Playing outside can prevent short-sightedness
Lateef Iqbal, store director at Specsavers Camberley, Alton and Farnham is encouraging parents to look after their children's sight this winter. His advice for local parents in the area is:
Daylight and eyesight
Playing outside is good for children’s minds and bodies but it's little known that daylight is also good for children’s eyes. When the days get shorter and the weather gets colder, it can be tempting to keep playtime indoors. But research has shown that sunlight can play an important role in preventing short-sightedness in children. Catch some sun rays for about 40 minutes each day.
Top eyecare tips for children
As well as playing outside, here are some other tips for parents:
- Play, rest, repeat! Natural sunlight is good for the children as explained earlier but also use this outdoor time to see monitor your child’s vision regularly. Point to something in the distance - can they see it clearly? Listen to their language – do they use words like ‘blurry’ or ‘unclear’ to explain objects nearby?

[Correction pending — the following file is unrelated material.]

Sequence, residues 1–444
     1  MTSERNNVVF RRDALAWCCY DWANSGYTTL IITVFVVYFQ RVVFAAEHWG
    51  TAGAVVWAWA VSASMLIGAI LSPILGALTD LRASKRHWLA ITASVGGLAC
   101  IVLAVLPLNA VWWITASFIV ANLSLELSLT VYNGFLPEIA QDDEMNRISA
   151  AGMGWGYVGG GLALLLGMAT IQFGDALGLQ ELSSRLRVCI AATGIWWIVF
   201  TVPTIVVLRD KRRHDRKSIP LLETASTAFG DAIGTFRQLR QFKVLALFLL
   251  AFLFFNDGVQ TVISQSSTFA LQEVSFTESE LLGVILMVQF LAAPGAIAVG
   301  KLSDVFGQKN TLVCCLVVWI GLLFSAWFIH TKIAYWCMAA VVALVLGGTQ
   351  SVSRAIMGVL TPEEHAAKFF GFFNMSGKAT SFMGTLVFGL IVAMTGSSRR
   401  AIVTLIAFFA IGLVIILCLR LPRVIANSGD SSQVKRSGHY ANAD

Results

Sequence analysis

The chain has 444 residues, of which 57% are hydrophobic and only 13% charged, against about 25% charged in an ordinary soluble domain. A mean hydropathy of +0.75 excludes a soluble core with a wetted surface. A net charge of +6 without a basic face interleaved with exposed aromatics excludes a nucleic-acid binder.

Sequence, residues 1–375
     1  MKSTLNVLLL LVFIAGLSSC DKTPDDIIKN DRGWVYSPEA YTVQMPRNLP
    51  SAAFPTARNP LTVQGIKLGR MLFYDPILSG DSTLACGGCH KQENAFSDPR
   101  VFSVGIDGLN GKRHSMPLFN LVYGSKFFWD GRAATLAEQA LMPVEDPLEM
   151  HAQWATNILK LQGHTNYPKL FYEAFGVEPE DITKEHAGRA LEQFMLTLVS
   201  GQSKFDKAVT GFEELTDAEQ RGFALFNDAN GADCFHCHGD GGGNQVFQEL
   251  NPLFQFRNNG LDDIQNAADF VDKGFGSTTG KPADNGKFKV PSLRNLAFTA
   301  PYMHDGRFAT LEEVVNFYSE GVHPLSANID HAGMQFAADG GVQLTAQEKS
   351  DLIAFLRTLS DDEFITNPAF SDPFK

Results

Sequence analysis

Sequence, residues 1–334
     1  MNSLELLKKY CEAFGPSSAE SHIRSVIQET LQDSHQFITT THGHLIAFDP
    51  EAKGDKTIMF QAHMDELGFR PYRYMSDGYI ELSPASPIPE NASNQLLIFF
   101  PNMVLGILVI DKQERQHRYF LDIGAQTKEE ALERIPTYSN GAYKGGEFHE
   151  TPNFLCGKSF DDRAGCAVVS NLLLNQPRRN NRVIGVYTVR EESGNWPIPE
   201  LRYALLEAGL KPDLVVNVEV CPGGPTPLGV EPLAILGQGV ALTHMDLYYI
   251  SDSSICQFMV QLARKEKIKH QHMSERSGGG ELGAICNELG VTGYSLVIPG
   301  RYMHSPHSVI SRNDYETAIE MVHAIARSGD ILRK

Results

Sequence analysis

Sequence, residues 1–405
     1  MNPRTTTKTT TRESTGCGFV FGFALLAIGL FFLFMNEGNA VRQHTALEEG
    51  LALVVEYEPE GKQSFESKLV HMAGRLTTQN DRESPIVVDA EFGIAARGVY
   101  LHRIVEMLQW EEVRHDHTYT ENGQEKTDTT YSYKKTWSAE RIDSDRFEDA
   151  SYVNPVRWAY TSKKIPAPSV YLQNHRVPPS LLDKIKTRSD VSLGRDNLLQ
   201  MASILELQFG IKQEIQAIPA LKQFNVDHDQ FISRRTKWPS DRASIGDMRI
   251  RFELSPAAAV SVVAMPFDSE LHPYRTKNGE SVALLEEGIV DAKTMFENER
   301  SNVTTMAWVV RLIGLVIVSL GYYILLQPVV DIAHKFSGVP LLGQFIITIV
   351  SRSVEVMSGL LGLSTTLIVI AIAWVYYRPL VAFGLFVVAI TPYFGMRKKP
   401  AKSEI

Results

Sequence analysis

- Eyes front of class. It is common for a teacher to pick up sight issues. Maybe a child cannot see the blackboard clearly or is experiencing difficulty with their reading. A lack of concentration or interest in reading could be a sign too.
- Headaches or tired eyes. When a child has good language skills, they can often articulate eyesight issues and symptoms. They may describe impaired vision or complain of headaches or tired eyes.
- In the genes. If there is family history of short-sightedness or other eye conditions, it is sensible to have a child’s sight examined from the age of three upwards and frequently after.
Here to help
The team at Specsavers Camberley, Farnham and Alton is always on-hand to help answer any concerns about a child’s eye health and eyecare. The eye examination is very child friendly and is made fun for children too. If children do need glasses, there's a big choice of glasses, including a new Disney range and under-16s get a free NHS eye test. All glasses in Specsavers’ kids’ £64 and teens’ £85 ranges are free with under-16s’ NHS funding. Specs wearers can also choose a second pair from the £64 or £85 range, for free.